Species of conservation concern (State listed species): During the breeding season, this area supports a substantial number state-listed species, including Yellow Rails, Wilson's Phalaropes and Nelson?s Sharp-tailed Sparrows. The number listed below represents the percentage of statewide records found within this IBA, based on records in the Minnesota DNR Natural Heritage database (BIOTICS). For example, this IBA has 75% of all recent Minnesota Horned Grebe records, and 14% of Wilson?s Phalaropes.
Threatened:
Horned Grebe (75%)
Wilson?s Phalarope (14%)

Special Concern:
Yellow Rail (13%)
Marbled Godwit (14%)
Short-eared Owl (6%)
Nelson?s Sharp-tailed Sparrow (20%)

Franklin?s Gulls (Special Concern) are very common during migration and throughout the summer, but there are no known nesting colonies within the IBA. One territorial singing male Baird?s Sparrow (Endangered) was found in the IBA during June-July 1991, but appeared to never attract a mate. Baird?s Sparrow is probably not a regularly occurring species in this IBA.

Species of conservation concern (non-listed species): Eighteen non-listed species of concern are frequent in this IBA during the breeding season. Shown below are percentages of Minnesota records known from the IBA for two species for which records are tracked.

American Bittern (12%)
Upland Sandpiper (13%)

Several other species of conservation concern, particularly Sharp-tailed Grouse and Whip-poor-will, are relatively common in the IBA, but were typically not well documented using MCBS survey techniques. Sharp-tailed Grouse surveys conducted by the MNDNR Section of Wildlife have been summarized for the two ?work areas? which encompass this IBA, but extend outside of the IBA boundary. A minimum of 601 males were counted on 37 active leks in these work areas. The exact numbers of birds within the actual IBA have not been determined. A database of historic (active and non-active) dancing ground locations shows 40 historic leks in the IBA, and 16 leks within the work areas outside of the IBA boundary.

Species assemblages (breeding season) of rare, threatened, or unique habitats:
a. Aspen Parkland: All 25 species listed for this type.
b. Sedge wetland: All 9 species listed for this type.
c. Native Prairie: 19 of 28 species listed for this type.
d. Oak Savanna: 7 of 9 species listed for this type.
e. Conifer Swamp: 17 of 30 species lis

Conservation Issues

Frequent fire was essential in maintaining the open character of the aspen parkland landscape. In the absence of fire open grassland and sedge habitats became overgrown with undesirable levels of woody vegetation such as willow shrubs and aspen. Much of this region is very poorly drained. A network of large ditches has already resulted in the drainage of vast areas allowing cultivation of areas that otherwise would be unsuitable to agriculture. Sedge wetlands and wet prairie, and species dependent on these habitats are very sensitive to even small drops in water levels. The current drainage system has increased the amount and speed of runoff, much of which now drains onto existing wetlands. The result is that nests and nesting habitat of ground-nesting birds may be flooded out. Continued or increased drainage would further impact or destroy shallow wetland and wet prairie habitats. Because this landscape has very low topographic relief, it can be quite susceptible to flooding. The loss of grassland and wetland habitat has exacerbated this problem. Flood control projects, or other impoundments, have been proposed in and near this IBA. Depending on their placement, construction, and operation, any such projects could negatively impact or eliminate sensitive habitats, particularly sedge wetlands. Many socioeconomic factors affecting agricultural practices and profitability could have widespread impacts on bird habitat. Changes to the amount of agricultural land enrolled in CRP could greatly influence the amount of grassland habitat. Overgrazing of existing grasslands, and in some cases sedge wetlands, is a problem on parts of this IBA. Gravel pits are currently somewhat limited in this area, but continue to be a threat, particularly on beach ridges. Expansion of extraction industries could have detrimental effects on native birds and their habitats. Invasive and non-native plants/animals are currently a moderate threat.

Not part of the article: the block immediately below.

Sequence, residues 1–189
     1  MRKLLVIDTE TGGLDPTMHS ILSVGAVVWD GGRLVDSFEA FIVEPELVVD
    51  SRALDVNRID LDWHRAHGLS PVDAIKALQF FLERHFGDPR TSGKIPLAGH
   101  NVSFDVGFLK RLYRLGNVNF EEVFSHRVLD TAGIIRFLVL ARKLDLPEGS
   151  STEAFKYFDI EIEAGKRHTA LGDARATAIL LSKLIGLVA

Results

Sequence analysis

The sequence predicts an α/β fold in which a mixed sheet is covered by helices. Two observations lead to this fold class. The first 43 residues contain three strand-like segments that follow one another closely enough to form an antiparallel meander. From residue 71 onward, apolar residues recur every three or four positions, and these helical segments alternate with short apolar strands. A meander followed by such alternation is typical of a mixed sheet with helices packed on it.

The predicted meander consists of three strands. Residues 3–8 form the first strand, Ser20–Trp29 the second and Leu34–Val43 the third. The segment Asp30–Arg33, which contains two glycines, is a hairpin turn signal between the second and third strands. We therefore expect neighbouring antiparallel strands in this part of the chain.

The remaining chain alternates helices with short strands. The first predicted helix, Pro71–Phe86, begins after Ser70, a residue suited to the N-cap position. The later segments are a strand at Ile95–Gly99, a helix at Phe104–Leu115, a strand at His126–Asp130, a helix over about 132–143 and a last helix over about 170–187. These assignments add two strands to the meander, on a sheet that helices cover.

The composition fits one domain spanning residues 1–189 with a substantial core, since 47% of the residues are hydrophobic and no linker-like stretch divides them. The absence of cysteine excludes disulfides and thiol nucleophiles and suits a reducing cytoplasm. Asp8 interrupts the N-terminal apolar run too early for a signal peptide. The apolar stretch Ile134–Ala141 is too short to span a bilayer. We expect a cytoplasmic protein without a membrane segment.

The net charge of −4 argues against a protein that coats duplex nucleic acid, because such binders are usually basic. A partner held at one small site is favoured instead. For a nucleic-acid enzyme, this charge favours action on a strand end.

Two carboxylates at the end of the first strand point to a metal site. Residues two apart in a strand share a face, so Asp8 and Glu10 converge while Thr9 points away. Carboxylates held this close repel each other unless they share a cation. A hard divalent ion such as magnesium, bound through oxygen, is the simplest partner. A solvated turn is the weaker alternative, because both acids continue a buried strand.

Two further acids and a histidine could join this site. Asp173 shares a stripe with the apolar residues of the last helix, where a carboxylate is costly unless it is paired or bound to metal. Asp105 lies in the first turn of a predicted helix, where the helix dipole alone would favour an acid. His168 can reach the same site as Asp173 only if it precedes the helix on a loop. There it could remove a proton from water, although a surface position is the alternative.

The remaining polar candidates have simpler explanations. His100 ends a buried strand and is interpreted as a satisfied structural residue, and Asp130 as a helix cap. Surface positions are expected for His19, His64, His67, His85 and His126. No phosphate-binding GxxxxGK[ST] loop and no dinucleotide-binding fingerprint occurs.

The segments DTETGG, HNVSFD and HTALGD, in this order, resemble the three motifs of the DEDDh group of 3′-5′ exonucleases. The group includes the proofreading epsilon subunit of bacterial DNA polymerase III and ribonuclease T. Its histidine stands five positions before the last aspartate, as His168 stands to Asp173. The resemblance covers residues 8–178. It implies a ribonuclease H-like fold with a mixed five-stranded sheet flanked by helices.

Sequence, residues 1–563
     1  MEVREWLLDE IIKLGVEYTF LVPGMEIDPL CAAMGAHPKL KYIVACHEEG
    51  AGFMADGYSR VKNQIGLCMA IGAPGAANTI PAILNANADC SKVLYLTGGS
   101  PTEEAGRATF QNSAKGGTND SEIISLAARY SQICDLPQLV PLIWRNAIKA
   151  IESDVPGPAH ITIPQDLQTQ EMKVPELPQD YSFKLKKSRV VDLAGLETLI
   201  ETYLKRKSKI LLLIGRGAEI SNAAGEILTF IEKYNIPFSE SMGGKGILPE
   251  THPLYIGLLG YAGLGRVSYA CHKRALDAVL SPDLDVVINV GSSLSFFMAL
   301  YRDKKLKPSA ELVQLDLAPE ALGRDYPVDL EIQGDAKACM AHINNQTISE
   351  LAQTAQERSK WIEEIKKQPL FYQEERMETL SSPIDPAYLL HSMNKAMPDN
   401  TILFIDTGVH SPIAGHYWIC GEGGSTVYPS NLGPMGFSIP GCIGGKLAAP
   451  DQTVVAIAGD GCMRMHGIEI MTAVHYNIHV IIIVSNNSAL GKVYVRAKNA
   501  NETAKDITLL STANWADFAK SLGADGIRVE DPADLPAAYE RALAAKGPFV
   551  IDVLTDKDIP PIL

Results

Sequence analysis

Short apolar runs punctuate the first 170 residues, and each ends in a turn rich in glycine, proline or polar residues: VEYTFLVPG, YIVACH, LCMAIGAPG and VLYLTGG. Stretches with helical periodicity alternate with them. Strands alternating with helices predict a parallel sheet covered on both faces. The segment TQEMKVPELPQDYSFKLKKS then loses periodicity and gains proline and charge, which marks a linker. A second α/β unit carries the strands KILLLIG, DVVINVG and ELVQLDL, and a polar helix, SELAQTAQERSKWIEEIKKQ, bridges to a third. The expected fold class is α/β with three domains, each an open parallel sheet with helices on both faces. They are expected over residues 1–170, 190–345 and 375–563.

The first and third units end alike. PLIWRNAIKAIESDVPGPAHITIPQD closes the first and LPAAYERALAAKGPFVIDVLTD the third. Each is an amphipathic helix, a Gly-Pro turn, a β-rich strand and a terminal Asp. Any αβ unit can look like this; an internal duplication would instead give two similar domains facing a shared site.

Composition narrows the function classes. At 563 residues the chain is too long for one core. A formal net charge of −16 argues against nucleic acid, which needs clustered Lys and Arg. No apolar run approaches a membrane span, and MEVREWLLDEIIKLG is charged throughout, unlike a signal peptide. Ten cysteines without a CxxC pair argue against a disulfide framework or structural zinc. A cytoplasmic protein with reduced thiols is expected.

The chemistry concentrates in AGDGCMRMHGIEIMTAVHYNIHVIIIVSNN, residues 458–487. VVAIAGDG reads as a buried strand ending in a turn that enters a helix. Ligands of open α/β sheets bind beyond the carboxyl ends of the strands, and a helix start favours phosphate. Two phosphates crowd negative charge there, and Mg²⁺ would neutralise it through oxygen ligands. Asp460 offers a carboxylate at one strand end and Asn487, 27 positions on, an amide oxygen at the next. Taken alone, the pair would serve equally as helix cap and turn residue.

Ownership

Approximately one-third of this IBA (152,208 acres), including most of the important core tracts, is owned by the Minnesota Department of Natural Resources (DNR). Of primary importance are several large state Wildlife Management Areas (DNR Section of Wildlife), including Roseau River, Beaches Lake, Caribou, Twin Lakes, and Skull Lake. The Nature Conservancy (TNC) owns several key tracts of land in this IBA, primarily as part of the Wallace C. Dayton Conservation and Wildlife Area. Lake Bronson State Park is also included in this IBA. See Appendix 1 for a complete list of DNR and TNC lands within this IBA. Although much of the land separating these core areas is currently under cultivation, there are significant areas of Conservation Reserve Program (CRP) grasslands, as well as hayfields and pastures. The semi-natural state of these intervening areas provide important connections between many of the large blocks of aspen parkland vegetation.